Ever wondered how Safari Rally TV signal is transmitted live? Here is your answer

Ever wondered how Safari Rally TV signal is transmitted live? Here is your answer

To start with, all the rally cars are fitted with multiple on board (driver, front, side, rear, pedals and interior) cameras that are linked to strong wireless transmitters  fitted within the car.

File photo /Courtesy

Have you ever wondered how the World Rally Championships speed cars get broadcast Live to your screen in real time and without breaking a single frame? well here is your answer.

Rally cars are known to cruise at top speeds at some points reaching 180KPH but despite the advanced modern technology, it would not be guarantee to achieve 100 percent signal transmission of all stages especially happening deep in the vast Kenyan Rift Valley with challenging network coverage.

For the World Rally Championships, organizers have invested heavily on Live signal transmissions and nothing is left to chance in transmitting one of the most followed competitions in the world.

To start with, all the rally cars are fitted with multiple on board (driver, front, side, rear, pedals and interior) cameras that are linked to strong wireless transmitters  fitted within the car.

The point to point transmitters will then beam the signal straight to a receiver fitted on a special jet plane that circles above the clouds approximately 15,000ft - 30,000ft within the radius of the competition stages.

Our www.michezoafrika.com spot check on the flight radar during the special stage at Kasarani revealed availability of a Beech B200c Plane circling around Kasarani area at 28,000 feet. This is the plane that receives the signals from the ground and sends straight to Naivasha ground station.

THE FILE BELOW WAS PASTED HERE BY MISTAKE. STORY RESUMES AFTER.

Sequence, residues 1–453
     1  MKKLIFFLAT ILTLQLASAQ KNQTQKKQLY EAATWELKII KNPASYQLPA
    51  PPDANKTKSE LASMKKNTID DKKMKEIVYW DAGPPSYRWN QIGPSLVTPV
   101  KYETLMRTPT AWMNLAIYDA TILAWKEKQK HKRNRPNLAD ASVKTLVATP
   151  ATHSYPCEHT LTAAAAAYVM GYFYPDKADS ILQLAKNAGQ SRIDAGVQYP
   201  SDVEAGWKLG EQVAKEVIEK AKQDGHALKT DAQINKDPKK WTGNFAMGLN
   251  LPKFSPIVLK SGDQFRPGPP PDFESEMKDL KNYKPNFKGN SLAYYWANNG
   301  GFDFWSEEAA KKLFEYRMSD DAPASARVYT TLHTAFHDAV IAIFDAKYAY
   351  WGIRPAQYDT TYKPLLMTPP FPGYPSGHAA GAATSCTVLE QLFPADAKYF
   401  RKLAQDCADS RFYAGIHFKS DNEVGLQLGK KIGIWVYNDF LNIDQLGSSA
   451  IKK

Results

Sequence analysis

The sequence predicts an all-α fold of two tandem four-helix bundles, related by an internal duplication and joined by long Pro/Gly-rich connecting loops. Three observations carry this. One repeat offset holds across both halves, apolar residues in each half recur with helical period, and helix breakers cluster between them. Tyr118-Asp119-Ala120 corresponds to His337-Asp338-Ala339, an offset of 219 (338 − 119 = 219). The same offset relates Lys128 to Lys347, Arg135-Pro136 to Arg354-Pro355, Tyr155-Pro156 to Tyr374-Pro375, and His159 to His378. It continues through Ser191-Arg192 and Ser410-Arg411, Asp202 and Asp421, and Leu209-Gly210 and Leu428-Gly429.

In addition to the onboard rally car cameras, there are special stages cameras on the ground and a special helicopter that also has powerful cameras that provide aerial follow shots. The helicopter feed is also transmitted straight to the special Rally plane that then sends the video signals to the ground station located at the service center in Naivasha.

The studio then broadcasts the mixed master signal via satellite transmission and is later redistributed to TV Stations and Online platforms across the world.

The plane does approximately five hours in the air and then lands for refueling during the midday break ready for the afternoon rounds.

In an exclusive interview, michezoafrika.com has ascertained that one of such planes got destroyed as it nose landed in Miami during a test flight shortly before flying to Nairobi for the Safari Rally.

The plane is leased by World Rally Championship (WRC) and is also used in other international competitions including tour de France, European Rally Championships and other top world competitions.

To watch all the action Live, one has to subscribe to the World Rally Championship website where you get to watch all action live including all interviews.

You can watch the video below  for Live broadcast behind the scenes.

Read more on : Motorsport

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